Cyprus sublime


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A venture off the beaten track on this golden island to see for myself for Sublime Magazine. Katrine Carstens

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Cyprus sublime

  1. 1. places places TURNING Venture beyond the main beaches of Cyprus and there are treasures to be found, woven into a rich tapestry of history and mythology. BACK TIME Believed to be one of the first places to practise large-scale agriculture, the island was also at the centre of the copper trade in the Bronze Age. Truly a cradle of civilisation Words and photography Katrine Carstens I n modern-day Cyprus, creating alternative sustainable livelihoods able to coexist with the environment has become a key priority in a globalised world locked in economic strife. With so much to offer, ecotourism has the potential to play a vital part in this equation and with this in mind, I set out to explore the rural side of the island. My first destination was Tochni, a small village set slightly inland between Larnaca and Limassol. Descending the staircase to the terraced pool area of Tochni Tavern felt like entering a hidden haven, offering a striking view of the traditional village snuggled in a small valley peppered with vegetation still green after the wettest winter in recent memory. Sofronis, owner of Cyprus Villages, has over the last decades restored traditional Cypriot houses into 72 carbon-neutral, self-catering apartments spread through Tochni and its nearby villages. Think terracotta tiles, shutters, exposed limestone and local art, some of it painted by Sofronis himself. Rustic and tasteful, there are a variety of styles of houses, some perfect for larger groups with a number of apartments clustered around a pool, others suitable for couples wanting a bit more privacy. Some of the apartments are interconnected, making them suitable for families. Soon after arriving, I was zooming off in a fine cloud of dust with Sofronis in his battle-worn car to collect fresh halloumi, a key ingredient in the night’s authentic feast of Cypriot delights destined for a group of Norwegians. Sourced from the valley, or perhaps the one beyond, most ingredients are organic, or produced according to age-old techniques that have changed little over time. Absorbed in a blur of blissful orchards bathed in the golden evening sun, I soon lost any sense of direction. Gnarled olive trees, some of them nearly a thousand years old, were intermingled with almond, lemon and orange trees. It seemed a perfect homage to the ancient heritage of this fantastically fertile basin, with us in a golden bubble where you could almost touch the texture of time. Out of nowhere appeared an antique chapel, Panayia tou Kambou. The newer part, from the 15th century, nestled up against the ruins of a much older section, and I was surprised to hear that it was still in full use. Remarkably, to my urban brain, the doors were unlocked, revealing mesmerising murals and a sacred flame powered by olive oil. Sofronis explained how the importance of olives is omnipresent in Cypriot society, not least in religious ceremonies such as baptism and funeral rites, representing the essence of life in day-to-day matters as well as in faith systems. It is a terrific example of how human cultures used to be much more intuitive about ecology – an awareness lost in most places, but hopefully to be found again.110 | sublime sublime | 111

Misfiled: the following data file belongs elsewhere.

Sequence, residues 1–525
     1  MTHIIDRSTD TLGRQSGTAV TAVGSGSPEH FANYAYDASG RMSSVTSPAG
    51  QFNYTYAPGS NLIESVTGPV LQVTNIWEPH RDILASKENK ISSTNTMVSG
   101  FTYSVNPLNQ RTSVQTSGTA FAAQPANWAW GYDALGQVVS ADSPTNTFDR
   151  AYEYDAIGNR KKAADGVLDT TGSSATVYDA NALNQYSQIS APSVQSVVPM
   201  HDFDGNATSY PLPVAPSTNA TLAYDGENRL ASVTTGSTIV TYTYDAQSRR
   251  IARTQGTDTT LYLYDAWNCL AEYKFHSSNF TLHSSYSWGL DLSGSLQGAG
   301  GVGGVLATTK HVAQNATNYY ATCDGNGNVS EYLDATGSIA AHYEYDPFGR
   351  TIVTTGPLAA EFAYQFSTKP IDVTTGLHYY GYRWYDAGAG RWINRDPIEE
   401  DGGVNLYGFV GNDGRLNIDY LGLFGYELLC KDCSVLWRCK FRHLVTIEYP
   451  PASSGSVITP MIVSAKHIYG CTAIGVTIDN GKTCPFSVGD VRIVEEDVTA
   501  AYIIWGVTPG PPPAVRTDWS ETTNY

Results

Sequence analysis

2. 2. places places Top, from left Traditional Cypriot fishing boat; selection of freshly caught grilled fish; Loulla, the halloumi maker, in action; milking of the goats at Natura Beach Hotel’s animal farm also a preferred site for turtle nests, and the hotel has developed Arriving at the halloumi farm, Loulla, the valley’s resident cheese- a system to mark nests so guests don’t disturb them. At night, maker, was stirring steaming pots of whey, busy finishing our order. A the outside area of the hotel is dark, to save electricity and avoid keen goats’-cheese lover, for me the pungent smell was at first almost confusing any hatchlings by luring them towards the light, away overpowering, yet when handed a plate of hot halloumi straight out from the sea. You can guess what would happen if that carried on. of the pot, rolled in salt and herbs, the other-worldly flavour of this Last year it was estimated that 4,000 hatchlings entered the sea 100 incredibly fresh produce prevailed. I was in halloumi heaven. metres away from Natura’s beach. Many guests return year after year Loulla, surrounded by her children, is herself one of 11 siblings. to experience this remarkable sight. The halloumi farm has been in her family for generations, but due The hotel itself is very calm, with relatively basic yet nice standard to the economic situation she may well be the last to carry on the rooms. Suites and four large villas are also available. It is a perfect tradition. This is not an unusual story in rural Cyprus. Although it base for a relaxing holiday, with grounds leading straight down may look like the Garden of Eden, things are far from rosy. Young to the beach. Umbrellas are not allowed on the actual beach, in people are flocking to the cities at an alarming rate, threatening to case they interfere with the turtle nests. Most guests tend to set up leave villages virtually devoid of life within the next few decades camp on the hotel lawn, right on the edge of the beach. Less sand when the older generation has passed on. everywhere is a bonus! There are plenty of nature walks, and a good For visitors interested in exploring a way of life that has changed little bus service to Paphos. Airport transfers can also be arranged, so a Gnarled olive trees, some of them in hundreds of years, this is a good fit. At Loulla’s farm, trickles of hire car is not essential although some sights can only be reached by car. The hotel is happy to arrange jeep tours on request. nearly a thousand years old, tourists have started to come, to have a halloumi-making lesson followed by a light lunch. This helps, but a more steady stream is Both Natura Beach Hotel and Cyprus Villages are part of an were intermingled with almond, initiative created by Cyprus Sustainable Tourism, which was started needed to make the economic wheels go round. in 2006 as a joint venture with the Cyprus Tourist Organisation as lemon and orange trees … in a Armed with the cheese, we headed back to the taverna. The kitchen got straight to work and the result was downright delicious. well as The Travel Foundation. The overall aim is to tempt tourists golden bubble where you could off the beaten track and into the interior of this intriguing island, Half-board is available, with breakfast and dinner served at the to explore its villages in a respectful way that is beneficial to both almost touch the texture of time tavern, leaving guests to enjoy anything from cycling, horse-riding, community and visitor. visiting wineries or perhaps exploring one of six carefully planned self-drive routes of the island created by the Cyprus Sustainable Tourism Initiative (CTSI), affiliated with The Travel Foundation, a However these days there is an equally strong force – the current UK NGO working to promote sustainable outbound UK tourism. economic system and how this is influencing human nature, creating Combine this with a few lazy lunches during the midday heat at a disconnect from the environment. The question is, do we leave a village taverna. Or perhaps you’d rather have a cooking lesson, the villages to empty out, or do we try to make the most conscious Sofronis, owner of Cyprus followed by some fruit-picking. Yoga sessions can also be organised by prior arrangement. If you want to know about other things to do, holiday choices we can, injecting life into rural areas? The choice is Villages, has over the last just ask Sofronis, who has lived in the area for most of his life. ours, but the second is the only choice that will increase the chances of completing the circle of Cyprus civilisation, connecting it back to decades restored traditional Moving on from Cyprus Villages, I arrived at the other end of the island at Natura Beach Hotel near Polis, a paradise for nature how ecology systems work. The above activities are just a handful of things you can do as a Cypriot houses into 72 lovers and with an impressive ecological ethos. Run by Dr Christos sustainability-conscious guest on Cyprus. Visit the websites below carbon-neutral, self-catering Georgiades, it has its own olive groves, orchards and 25 acres of organic vegetable gardens. There’s even an animal farm. Most for more information. apartments spread through ingredients are produced on site, with waste made into compost and Tochni and its nearby villages used on the farm. Solar power and the reusing of all waste water help to create a virtuous circle of creation and consumption. Bird lovers flock here, with a watchers’ book at Reception regularly updated with the time and location of new sightings. The beach is | sublime sublime | 113